South Africans protest outside the U.S. embassy to condemn Washington's support for Israel ahead of a United Nations (UN) world conference against racism August 16, 2001..
(photo credit: REUTERS)
As South Africa’s Jewish community expressed concern Tuesday over Jerusalem’s decision last week to bar Minister of Higher Education Blade Nzimande from entering the country, the South African boycott movement threatened to march on the Israeli Embassy in Pretoria and expel the ambassador.
In a joint statement, the South African Jewish Board of Deputies and the Zionist Federation noted their concern regarding Israel’s denial of a visa to Nzimande, who has been highly critical of Israel and was slated to attend a meeting with his Palestinian Authority counterpart in Ramallah.
The higher education minister, who accused Israelis of attempting to “hide their atrocities” by blocking his visit, subsequently came under harsh criticism from Foreign Minister Avigdor Liberman, who cited recent violent attacks against foreigners throughout South Africa.
Both the Jewish Board of Deputies and the Zionist Federation called the diplomatic flap “regrettable,” arguing that “regular interaction between Israel and South Africa and mutual visits of political leaders, parliamentarians and government officials, as well as business people, media, tourists and family visits, are to the benefit of both South Africa and Israel and foster greater understanding between the two countries.”
The Jewish representative bodies also accused their own government of imposing restrictions on the movement of officials between the two nations, stating that the “practice of discouraging interaction between South African officials and their Israeli counterparts is contradictory to the way South Africa has traditionally engaged in conflict resolution, both domestically and in its foreign policy in general.”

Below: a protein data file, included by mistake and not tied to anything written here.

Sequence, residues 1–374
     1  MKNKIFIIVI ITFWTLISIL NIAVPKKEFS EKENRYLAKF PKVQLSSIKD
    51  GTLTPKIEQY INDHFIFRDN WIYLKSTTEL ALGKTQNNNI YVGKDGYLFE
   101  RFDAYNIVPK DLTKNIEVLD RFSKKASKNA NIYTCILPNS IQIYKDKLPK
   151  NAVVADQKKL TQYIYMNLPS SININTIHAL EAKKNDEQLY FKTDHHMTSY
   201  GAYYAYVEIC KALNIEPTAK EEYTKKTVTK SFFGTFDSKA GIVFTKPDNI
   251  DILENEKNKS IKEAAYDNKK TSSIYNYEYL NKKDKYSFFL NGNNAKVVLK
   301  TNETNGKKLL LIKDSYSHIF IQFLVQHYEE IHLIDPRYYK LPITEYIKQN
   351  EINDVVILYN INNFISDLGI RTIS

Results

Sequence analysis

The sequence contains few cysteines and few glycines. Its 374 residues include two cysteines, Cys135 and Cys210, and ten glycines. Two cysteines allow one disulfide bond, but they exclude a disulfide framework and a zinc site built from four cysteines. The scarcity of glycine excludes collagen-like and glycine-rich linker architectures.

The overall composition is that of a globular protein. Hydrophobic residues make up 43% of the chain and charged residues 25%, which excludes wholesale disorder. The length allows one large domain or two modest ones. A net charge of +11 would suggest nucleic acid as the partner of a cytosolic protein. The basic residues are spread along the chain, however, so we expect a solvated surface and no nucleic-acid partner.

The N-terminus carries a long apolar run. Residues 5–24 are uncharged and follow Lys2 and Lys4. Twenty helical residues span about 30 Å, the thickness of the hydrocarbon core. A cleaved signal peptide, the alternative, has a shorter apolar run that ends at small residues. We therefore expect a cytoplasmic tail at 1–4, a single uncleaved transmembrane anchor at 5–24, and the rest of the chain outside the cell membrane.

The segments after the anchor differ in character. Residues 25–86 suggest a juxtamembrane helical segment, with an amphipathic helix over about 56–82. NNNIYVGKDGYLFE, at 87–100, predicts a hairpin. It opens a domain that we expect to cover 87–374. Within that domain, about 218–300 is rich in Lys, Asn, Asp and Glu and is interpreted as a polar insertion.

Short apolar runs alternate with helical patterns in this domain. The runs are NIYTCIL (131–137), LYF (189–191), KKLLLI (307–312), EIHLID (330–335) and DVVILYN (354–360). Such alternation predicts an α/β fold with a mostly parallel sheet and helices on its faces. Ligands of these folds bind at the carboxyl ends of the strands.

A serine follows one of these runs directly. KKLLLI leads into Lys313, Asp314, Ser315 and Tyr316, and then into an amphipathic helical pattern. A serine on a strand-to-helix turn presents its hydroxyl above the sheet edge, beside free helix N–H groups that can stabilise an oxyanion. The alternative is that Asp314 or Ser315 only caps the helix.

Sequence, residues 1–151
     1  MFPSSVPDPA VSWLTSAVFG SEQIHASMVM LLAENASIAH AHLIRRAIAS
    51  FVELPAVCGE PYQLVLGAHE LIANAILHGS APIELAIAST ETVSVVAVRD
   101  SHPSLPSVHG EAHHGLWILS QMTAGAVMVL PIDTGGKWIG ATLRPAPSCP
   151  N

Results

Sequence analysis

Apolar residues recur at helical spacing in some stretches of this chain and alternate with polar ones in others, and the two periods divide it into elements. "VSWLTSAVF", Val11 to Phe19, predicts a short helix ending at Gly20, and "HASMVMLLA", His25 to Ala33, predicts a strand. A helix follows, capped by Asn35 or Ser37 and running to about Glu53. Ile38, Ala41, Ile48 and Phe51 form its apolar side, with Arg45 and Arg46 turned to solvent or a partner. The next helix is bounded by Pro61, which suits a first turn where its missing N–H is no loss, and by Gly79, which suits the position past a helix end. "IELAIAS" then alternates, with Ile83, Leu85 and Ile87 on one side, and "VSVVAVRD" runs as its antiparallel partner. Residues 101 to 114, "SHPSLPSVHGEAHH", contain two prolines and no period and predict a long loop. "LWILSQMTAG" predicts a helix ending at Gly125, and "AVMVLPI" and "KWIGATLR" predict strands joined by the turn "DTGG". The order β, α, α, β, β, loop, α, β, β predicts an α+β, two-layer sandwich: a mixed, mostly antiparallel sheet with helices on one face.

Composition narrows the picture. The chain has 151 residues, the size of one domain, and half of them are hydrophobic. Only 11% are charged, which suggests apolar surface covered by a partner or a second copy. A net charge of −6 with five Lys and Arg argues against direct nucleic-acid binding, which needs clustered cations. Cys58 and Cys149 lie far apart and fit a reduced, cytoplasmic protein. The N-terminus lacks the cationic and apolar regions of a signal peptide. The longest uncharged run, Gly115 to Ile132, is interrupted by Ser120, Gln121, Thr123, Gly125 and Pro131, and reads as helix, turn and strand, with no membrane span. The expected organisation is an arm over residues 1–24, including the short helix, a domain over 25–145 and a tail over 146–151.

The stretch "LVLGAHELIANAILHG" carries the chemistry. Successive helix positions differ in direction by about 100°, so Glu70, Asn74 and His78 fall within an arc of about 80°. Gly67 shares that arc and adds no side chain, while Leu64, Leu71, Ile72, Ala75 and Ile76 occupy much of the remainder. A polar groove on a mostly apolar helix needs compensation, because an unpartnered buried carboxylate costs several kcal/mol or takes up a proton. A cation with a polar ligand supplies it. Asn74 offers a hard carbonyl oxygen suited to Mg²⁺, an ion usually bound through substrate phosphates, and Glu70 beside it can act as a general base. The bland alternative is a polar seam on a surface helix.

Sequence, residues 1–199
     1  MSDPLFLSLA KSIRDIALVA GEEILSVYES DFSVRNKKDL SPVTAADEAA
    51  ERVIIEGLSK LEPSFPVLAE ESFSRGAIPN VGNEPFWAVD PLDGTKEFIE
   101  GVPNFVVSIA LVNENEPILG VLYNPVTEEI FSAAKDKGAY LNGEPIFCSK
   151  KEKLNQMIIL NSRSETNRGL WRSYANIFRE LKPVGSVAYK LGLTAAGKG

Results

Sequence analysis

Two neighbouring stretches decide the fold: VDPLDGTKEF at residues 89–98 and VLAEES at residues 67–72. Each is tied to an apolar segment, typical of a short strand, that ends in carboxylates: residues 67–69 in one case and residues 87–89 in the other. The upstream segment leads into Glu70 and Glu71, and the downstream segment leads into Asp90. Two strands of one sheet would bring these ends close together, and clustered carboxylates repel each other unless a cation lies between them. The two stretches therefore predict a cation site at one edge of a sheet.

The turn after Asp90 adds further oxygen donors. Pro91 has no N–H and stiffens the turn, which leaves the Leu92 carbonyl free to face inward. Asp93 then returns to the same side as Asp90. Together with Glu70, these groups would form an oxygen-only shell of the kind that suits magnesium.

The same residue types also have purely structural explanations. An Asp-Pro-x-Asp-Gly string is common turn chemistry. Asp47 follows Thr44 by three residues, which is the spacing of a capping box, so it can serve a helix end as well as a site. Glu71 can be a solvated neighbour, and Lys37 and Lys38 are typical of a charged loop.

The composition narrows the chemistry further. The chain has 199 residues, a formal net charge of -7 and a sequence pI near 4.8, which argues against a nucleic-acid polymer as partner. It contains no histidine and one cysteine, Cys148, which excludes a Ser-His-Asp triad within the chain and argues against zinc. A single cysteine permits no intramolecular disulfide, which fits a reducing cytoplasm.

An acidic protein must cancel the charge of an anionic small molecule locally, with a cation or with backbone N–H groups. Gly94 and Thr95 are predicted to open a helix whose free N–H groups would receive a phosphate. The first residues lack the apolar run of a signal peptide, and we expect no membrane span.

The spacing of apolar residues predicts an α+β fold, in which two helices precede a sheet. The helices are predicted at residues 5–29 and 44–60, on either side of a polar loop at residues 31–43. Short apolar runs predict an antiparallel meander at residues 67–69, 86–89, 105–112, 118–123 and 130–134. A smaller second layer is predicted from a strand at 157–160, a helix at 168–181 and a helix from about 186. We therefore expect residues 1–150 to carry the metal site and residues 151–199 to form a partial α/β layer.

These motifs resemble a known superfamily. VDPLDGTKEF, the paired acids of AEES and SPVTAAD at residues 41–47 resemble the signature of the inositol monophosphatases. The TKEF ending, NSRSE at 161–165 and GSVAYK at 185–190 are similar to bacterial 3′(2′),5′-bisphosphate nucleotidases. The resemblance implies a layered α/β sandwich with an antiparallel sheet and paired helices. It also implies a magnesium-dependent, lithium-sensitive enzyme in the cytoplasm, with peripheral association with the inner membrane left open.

Several years ago, the South African government issued a directive to “discourage” its citizens from visiting Israel.
Not all members of the Zionist Federation agreed with their national leadership, however.
In an op-ed in The Jerusalem Post on Tuesday morning, Ben Levitas – the president of the federation’s Cape Council, a regional chapter – praised Israel’s decision to prevent Nzimande’s entry.
“Nzimande actively activated and propagated the severing of links between the University of Johannesburg and Ben-Gurion University of the Negev in Beersheba,” he wrote, adding that the minister had “overstepped the line of protocol” by accusing Israel of massacres and genocide.
On Monday, a number of South African organizations, including the South African Communist Party, the Boycott, Divestment and Sanctions movement and the Congress of South African Trade Unions, held a joint press conference to offer what they termed a “plan of action to hold Israel accountable for its right-wing discriminatory policies.”
The plan of action – which the BDS movement said had the support of the PA Embassy as well – includes a renewed push to institute a travel ban to Israel, an end to granting Israelis automatic visas, an academic and agricultural boycott, and the expulsion of the Israeli ambassador.
If the South African government does not send Ambassador Arthur Lenk home within 10 days, the groups said, “our progressive organizations will take it upon ourselves to be at the Israeli Embassy on the 15th of May to expel the Israeli Ambassador.”
The Foreign Ministry declined to comment.
By banning the minister, Israel has shown itself to be an apartheid state and a suppressor of academic freedom, the signatories to the plan asserted, blasting the “Israeli lobby” for its attempts to “isolate” South African political figures such as ANC Deputy Secretary-General Jessie Duarte.
Both Israel and South African Jews criticized Duarte last year after she condemned IDF strikes against Hamas as “barbaric attacks on the defenseless Palestinian people of Gaza” that were reminiscent of “the atrocities of Nazi Germany.”